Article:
We arrived one of the two busses that SAPS, The Siqueiros Project Hall of Public Art, has in its command, thanks to the National Institute of Fine Arts, to shuttle people from their location in Mexico City to David Alfaro Siqueiros’s former studio, La Tallera, now more or less a museum in its own right, in Cuernavaca. The bus that we were on looked like it fell out of a 70s road movie: shining aluminum paneling, art-deco oval green glass windows. On the shelf behind the driver sat three different straw hats; above him swung a dreamcatcher. The drive from SAPS to La Tallera takes about two hours, exiting the city through a two-level highway. The bottom level is free, the upper level paid. Although there is a free public highway to Cuernavaca from Mexico City, the bus took the private toll road, generally perceived to be safer. Cruelly, the poor are more commonly targeted by kidnappers, robbers, extortionists, and so on, on the free public roads, riding six-peso busses on grueling 2-hour-plus commutes from the outskirts of the city to chronically underpaid jobs in the central neighborhoods. Indeed, as city governments throughout Mexico push the poor to the outskirts of the cities by force or economics, the violence in Mexico, which lately has been getting worse, seems to be disappearing.
La Tallera is an imposing structure. A slow rise up a concrete path leads to two enormous Siqueiros murals fanning out from the brutalist concrete main building. The main exhibition space inside, which was Siqueiros’s studio, is a disconcerting polygon with impossibly high walls and strange angles. In this awkward polygon, resting on the floors, fallen to the floor, spilling from the walls, was “All of the Centuries are a Single Instant,” a solo show from Cynthia Gutiérrez, curated by Michele Fiedler and Silverio Orduña. I was particularly struck by the formal similarity between one of the pieces on display, Earth March (2019), and Felix Gonzalez Torres’s Untitled (Placebo) (1991), one of his endless candy piles. Cracked clay replicas of ancient artifacts tumbled down from a far corner of the room like the dead in the latest episode of Game of Thrones, faces, bowls, torsos, pedestals, limbs, beginning at a height of maybe three or four meters and ending at your feet.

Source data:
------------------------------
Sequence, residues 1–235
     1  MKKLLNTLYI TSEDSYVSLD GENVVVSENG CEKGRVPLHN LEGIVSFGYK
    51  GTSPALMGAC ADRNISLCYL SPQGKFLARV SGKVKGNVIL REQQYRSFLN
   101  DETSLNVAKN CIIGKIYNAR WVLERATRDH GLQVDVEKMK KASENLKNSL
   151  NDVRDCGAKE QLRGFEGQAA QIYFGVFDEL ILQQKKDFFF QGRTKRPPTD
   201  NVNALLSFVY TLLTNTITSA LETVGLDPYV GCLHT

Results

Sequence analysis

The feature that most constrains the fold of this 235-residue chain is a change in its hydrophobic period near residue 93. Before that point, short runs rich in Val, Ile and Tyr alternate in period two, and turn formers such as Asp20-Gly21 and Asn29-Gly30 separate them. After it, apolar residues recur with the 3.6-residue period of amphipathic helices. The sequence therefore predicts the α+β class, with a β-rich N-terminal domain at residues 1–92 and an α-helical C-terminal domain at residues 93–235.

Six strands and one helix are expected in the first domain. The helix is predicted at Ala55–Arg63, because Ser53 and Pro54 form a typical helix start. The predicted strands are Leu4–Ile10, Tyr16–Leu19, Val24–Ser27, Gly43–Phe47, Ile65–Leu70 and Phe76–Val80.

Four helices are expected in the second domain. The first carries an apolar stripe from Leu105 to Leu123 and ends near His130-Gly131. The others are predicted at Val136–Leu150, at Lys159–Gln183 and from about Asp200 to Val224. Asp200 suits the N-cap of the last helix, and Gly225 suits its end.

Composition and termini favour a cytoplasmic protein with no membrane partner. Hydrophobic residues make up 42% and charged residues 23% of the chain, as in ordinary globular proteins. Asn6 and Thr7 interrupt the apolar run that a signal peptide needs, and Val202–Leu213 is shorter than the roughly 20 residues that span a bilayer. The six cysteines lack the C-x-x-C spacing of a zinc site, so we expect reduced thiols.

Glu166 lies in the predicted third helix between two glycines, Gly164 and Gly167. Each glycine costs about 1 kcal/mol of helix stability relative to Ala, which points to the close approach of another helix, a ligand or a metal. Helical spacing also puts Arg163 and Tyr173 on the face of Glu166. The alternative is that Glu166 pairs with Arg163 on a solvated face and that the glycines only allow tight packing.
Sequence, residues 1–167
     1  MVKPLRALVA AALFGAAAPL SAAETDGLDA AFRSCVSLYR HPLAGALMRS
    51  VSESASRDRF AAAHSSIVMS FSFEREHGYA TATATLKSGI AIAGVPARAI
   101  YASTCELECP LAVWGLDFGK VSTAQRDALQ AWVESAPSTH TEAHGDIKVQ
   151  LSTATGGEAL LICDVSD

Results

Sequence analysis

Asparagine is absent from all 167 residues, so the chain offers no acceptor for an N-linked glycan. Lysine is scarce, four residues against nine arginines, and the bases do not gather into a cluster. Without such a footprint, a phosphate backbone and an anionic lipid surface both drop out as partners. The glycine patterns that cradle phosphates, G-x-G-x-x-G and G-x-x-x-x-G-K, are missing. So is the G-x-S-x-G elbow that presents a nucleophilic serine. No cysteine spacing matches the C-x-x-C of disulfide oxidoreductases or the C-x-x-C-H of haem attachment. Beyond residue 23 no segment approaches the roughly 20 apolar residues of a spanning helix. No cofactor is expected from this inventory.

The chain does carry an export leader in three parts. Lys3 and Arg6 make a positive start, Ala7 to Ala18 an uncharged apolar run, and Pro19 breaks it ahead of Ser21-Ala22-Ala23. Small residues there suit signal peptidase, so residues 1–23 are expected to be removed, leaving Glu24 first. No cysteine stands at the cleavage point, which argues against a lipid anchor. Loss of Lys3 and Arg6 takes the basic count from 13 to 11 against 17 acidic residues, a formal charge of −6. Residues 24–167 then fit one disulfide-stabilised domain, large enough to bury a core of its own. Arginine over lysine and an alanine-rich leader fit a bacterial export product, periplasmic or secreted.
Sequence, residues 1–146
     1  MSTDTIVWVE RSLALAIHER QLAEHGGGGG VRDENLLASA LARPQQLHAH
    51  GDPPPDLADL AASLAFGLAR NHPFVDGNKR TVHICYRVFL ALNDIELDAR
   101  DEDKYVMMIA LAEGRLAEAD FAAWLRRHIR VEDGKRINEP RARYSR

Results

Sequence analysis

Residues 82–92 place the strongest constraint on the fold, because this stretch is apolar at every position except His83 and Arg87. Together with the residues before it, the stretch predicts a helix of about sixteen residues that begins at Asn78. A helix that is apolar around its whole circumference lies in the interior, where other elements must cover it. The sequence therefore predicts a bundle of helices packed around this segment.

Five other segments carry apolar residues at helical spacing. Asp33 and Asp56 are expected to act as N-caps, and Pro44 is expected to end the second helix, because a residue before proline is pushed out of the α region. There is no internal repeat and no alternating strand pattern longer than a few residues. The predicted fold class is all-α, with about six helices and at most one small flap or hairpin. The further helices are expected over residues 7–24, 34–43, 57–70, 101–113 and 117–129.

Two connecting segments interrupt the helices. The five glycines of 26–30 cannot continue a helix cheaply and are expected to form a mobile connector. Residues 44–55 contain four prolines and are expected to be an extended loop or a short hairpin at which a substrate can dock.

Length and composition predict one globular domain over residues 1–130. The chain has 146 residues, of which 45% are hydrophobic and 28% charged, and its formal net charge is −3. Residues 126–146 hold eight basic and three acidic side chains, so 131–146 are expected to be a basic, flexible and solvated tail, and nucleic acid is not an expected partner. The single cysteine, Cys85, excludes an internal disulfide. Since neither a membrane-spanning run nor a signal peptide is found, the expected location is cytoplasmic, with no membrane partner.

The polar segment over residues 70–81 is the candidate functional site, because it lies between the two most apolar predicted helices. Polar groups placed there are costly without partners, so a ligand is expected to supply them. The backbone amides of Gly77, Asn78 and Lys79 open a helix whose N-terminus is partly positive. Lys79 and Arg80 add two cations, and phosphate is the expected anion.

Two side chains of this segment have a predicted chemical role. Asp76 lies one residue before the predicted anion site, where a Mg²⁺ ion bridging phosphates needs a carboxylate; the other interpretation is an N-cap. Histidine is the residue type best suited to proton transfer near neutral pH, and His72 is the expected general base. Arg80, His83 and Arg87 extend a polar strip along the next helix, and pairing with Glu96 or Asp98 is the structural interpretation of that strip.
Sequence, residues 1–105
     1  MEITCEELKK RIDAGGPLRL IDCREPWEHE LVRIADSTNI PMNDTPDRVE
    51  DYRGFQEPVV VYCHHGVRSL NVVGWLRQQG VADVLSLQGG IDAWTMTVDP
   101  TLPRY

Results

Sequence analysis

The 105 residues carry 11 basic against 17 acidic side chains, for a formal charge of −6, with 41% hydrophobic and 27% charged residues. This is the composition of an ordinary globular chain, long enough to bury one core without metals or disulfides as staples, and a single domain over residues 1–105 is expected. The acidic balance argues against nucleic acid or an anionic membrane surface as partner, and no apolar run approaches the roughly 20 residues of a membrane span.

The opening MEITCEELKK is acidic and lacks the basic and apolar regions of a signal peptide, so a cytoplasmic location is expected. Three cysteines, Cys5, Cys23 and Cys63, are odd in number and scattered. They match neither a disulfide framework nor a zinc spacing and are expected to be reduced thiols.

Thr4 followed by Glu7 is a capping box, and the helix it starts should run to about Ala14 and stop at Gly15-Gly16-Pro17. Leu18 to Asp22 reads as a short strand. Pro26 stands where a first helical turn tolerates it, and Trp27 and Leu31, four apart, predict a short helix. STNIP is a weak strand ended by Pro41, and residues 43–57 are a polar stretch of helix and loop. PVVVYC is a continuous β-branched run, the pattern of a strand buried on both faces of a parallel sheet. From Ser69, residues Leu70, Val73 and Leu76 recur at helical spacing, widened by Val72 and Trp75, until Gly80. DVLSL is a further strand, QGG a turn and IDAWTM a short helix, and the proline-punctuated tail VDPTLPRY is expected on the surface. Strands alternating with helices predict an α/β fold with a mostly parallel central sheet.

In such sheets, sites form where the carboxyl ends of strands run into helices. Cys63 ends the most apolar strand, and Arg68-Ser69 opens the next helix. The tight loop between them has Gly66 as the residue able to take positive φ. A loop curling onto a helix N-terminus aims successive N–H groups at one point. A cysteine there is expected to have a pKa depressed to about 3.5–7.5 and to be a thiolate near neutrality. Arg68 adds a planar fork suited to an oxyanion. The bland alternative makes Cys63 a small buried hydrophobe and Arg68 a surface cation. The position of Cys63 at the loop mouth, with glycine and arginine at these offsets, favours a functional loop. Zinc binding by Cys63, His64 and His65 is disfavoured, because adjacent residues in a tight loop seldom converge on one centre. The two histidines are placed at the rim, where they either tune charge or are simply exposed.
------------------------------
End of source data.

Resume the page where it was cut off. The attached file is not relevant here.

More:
In a brief text about Untitled (Placebo), Ted Purves focuses on its technical specifications, which he terms its “structural medium”: “Candies, individually wrapped in silver cellophane (endless supply).” The structural medium of Earth March is not endless, but fragmented: the technical details for the piece read “Fragments of clay pieces, dimensions variable.” I stumbled, thumbing through an anthology Julie Ault edited on Felix Gonzalez-Torres, on a quote from Blanchot: “The fragment, as fragments, tends to dissolve the totality that it presupposes and that it carries off towards the dissolution from which (strictly speaking) it does not form itself, but to which it exposes itself in order, disappearing (all identity disappearing along with it), to maintain itself as the energy of disappearing.” Let’s say, along with Blanchot, that the fragment is the energy of disappearing: what is a concentration of the energy of disappearing in a country that not only disappears people, but now violence itself?